It’s that olfactory prowess that could make dogs a useful ally in our battle against a virus that’s killed over 1 million people worldwide. Scientists have long known that people sick with certain diseases emit particular odors—different infections affect different parts of the body in different ways, often producing specific combinations of volatile compounds. Dogs have shown a remarkable ability to pick up on those airborne chemicals, detecting when people are infected with malaria, infectious bacteria, and even certain types of cancer. Now scientists are hoping that dogs’ keen sense of smell, 10,000 times better than that of humans, can help them identify people carrying COVID-19, too.
Some studies have produced promising, albeit early, results. In June, a team in France using a small number of samples collected from human patients who had been tested for COVID-19 in PCR tests (the current gold standard for testing) found a high degree of evidence that dogs could detect COVID-19 infections through differences in the smell of human subjects’ armpit sweat.
In Germany, researchers ran a small pilot study, published in July, with trained coronavirus-sniffing dogs—corona-schnüffelnder hunde—and showed that the dogs were able to distinguish between coronavirus-positive samples and a control group with an average sensitivity (the rate of detecting true positives) of 83% and a specificity (true negative rate) of 96% after only one week of training. That’s not quite as accurate as COVID-19 rapid antigen tests, which have a sensitivity ranging from 84% to nearly 98% and specificities of 100%. But antigen tests require often uncomfortable nasal swabs, and take about 15 minutes to return results. Dogs, by contrast, may be able to tell if a person is infected in seconds, no swab needed.
“It’s a game for them,” says Holger Volk, a co-author on the German study and the head of small-animal medicine and surgery at the University of Veterinary Medicine, Hannover. In that study, researchers used a device called a Detection Dog Training System, which randomly presented dogs with either COVID-19 positive or negative samples via a row of seven “scent holes” connected to sample containers. The dogs were automatically rewarded with a toy or food when they identified the correct samples. “It’s a positive experience for the dogs as well, and that’s why they learn so fast,” says Volk.
Coronavirus sniffing dogs are already in use at Helsinki-Vantaa Airport as part of a Finnish government-sponsored pilot program; canines are also currently scanning for COVID-19 in multiple airports in the U.A.E.
Despite those deployments, there’s still plenty we don’t know about dogs’ ability to detect COVID-19. It remains unclear how strong any coronavirus odor smells to dogs, for instance. If sniffer dogs are sensitive to coronavirus smells, handlers could keep the animals near moving lines of people, checking lots of subjects at once—similar to how explosive-sniffing dogs work at airports. If not, sniffer dogs may only be able to pick up the scent when scanning people one at a time. Another unknown: how far a COVID-19 infection needs to progress before a dog can pick up the scent. The German study, for instance, used samples from hospitalized coronavirus patients, who were likely sicker than many people who get infected; about 40% of people with the virus show no symptoms, but may still spread it to others.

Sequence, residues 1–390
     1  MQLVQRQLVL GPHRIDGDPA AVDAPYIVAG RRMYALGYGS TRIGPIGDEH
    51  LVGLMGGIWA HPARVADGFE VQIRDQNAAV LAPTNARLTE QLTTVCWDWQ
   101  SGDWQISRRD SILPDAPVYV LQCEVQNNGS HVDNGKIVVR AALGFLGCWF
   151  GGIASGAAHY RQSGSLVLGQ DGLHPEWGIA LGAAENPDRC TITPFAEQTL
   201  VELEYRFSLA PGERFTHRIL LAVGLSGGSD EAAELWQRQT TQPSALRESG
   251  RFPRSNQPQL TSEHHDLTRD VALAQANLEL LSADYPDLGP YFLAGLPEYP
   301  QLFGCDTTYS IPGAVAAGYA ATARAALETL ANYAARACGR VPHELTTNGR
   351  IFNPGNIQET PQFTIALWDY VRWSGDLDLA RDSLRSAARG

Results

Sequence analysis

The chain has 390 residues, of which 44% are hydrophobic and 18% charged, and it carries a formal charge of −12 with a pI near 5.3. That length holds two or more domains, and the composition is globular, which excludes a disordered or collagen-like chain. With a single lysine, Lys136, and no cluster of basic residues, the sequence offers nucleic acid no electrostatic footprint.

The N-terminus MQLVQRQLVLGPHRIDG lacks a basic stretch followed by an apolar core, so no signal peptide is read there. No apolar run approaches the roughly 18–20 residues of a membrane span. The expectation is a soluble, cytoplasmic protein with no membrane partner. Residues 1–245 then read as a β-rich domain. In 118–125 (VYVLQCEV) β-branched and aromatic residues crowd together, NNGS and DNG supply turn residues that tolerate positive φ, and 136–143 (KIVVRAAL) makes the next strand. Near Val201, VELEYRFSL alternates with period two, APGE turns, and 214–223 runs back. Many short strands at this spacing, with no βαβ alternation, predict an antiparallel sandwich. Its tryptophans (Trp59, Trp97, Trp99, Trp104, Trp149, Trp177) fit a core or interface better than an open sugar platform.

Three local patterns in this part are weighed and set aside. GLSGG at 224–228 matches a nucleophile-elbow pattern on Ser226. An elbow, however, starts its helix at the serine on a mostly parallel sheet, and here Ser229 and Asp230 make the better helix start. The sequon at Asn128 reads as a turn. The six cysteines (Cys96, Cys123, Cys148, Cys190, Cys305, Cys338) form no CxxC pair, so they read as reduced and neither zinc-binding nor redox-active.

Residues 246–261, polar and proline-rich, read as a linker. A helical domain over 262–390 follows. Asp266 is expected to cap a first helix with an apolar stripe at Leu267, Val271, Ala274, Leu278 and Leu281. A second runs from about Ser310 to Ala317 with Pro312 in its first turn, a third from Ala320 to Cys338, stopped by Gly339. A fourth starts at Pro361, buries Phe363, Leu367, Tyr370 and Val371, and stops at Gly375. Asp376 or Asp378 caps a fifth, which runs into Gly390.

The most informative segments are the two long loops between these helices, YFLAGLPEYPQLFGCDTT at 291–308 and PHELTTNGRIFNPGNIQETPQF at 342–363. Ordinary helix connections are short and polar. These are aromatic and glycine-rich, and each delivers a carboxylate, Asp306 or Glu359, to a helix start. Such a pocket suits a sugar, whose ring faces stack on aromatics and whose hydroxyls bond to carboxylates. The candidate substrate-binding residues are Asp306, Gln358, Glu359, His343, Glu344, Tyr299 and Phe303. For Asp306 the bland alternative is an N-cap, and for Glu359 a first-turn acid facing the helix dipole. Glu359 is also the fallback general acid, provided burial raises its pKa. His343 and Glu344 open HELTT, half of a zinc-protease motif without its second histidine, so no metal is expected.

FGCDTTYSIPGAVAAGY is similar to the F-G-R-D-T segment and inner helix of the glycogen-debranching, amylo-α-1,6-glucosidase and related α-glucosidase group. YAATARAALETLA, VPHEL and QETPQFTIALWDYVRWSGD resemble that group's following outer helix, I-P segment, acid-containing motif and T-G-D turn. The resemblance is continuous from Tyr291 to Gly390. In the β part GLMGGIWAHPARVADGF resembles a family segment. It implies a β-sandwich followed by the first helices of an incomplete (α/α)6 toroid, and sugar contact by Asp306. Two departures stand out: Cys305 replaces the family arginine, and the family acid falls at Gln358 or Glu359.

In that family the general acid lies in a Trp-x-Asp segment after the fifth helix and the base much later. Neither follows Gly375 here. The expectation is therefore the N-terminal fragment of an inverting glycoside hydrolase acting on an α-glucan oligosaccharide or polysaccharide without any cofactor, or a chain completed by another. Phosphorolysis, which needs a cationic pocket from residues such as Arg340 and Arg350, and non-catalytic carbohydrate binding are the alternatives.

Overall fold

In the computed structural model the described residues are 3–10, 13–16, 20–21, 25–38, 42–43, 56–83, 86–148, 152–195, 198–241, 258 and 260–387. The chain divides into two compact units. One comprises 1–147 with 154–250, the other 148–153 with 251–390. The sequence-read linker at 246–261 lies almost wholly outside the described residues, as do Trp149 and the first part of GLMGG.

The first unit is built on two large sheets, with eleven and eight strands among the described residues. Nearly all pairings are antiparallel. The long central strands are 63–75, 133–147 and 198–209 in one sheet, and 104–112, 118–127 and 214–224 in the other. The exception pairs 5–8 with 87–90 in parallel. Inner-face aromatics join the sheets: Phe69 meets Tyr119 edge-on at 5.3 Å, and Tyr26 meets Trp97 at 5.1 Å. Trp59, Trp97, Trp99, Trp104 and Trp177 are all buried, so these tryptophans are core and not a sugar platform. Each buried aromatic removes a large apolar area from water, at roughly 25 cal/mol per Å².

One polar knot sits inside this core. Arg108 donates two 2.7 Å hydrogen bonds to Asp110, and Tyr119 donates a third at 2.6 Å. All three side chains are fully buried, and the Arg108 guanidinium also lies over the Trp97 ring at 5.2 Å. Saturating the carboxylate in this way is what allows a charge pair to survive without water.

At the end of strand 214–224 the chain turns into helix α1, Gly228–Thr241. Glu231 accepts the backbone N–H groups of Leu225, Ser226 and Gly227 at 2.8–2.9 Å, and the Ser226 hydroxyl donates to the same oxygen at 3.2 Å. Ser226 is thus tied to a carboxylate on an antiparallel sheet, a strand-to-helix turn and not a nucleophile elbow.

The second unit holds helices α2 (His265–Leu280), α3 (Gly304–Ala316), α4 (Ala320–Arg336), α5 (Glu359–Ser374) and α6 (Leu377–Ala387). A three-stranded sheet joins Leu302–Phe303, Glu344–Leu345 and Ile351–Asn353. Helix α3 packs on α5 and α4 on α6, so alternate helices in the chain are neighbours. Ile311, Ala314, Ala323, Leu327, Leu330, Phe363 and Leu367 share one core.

“What we want particularly is for our dogs to be picking up asymptomatic people,” says Lindsay, whose study aims to test dogs’ abilities on people presenting various degrees of symptoms. “If they do that, that’s even better because we’ll pick up people early.”
Another open question is whether dogs trained to detect COVID-19 are zeroing in on the infection caused by the SARS-CoV-2 virus specifically, or if they’re detecting a broader array of similar viral infections, like seasonal flu and colds. “Like a recipe, if you get one ingredient wrong it doesn’t give you the right taste,” says Logan. His team wants to answer that question in further research, assuming they get more funding.
While researchers are optimistic that dogs may play some role in helping fight the pandemic, they’re clear-eyed about the need for more evidence that such a plan will actually work. “There are a number of projects around the world that are moving forward with deploying COVID-19 dogs, and this is happening a little bit before the robust evidence is in place,” says Claire Guest, the CEO of Medical Detection Dogs. Getting more conclusive results will mean collecting hundreds of samples to make sure dogs are learning the scent of COVID-19 infection and not just the smell of individual patients. That sometimes means getting creative; the U.K-based research team is currently collecting socks worn by COVID-19 positive patients and others worn by healthy participants to use in its trials. Guest hopes her group will be ready to publish results based on this next research phase in the next six to eight weeks. If their findings check out, researchers say we could see COVID-19 detection dogs deployed more widely within six months.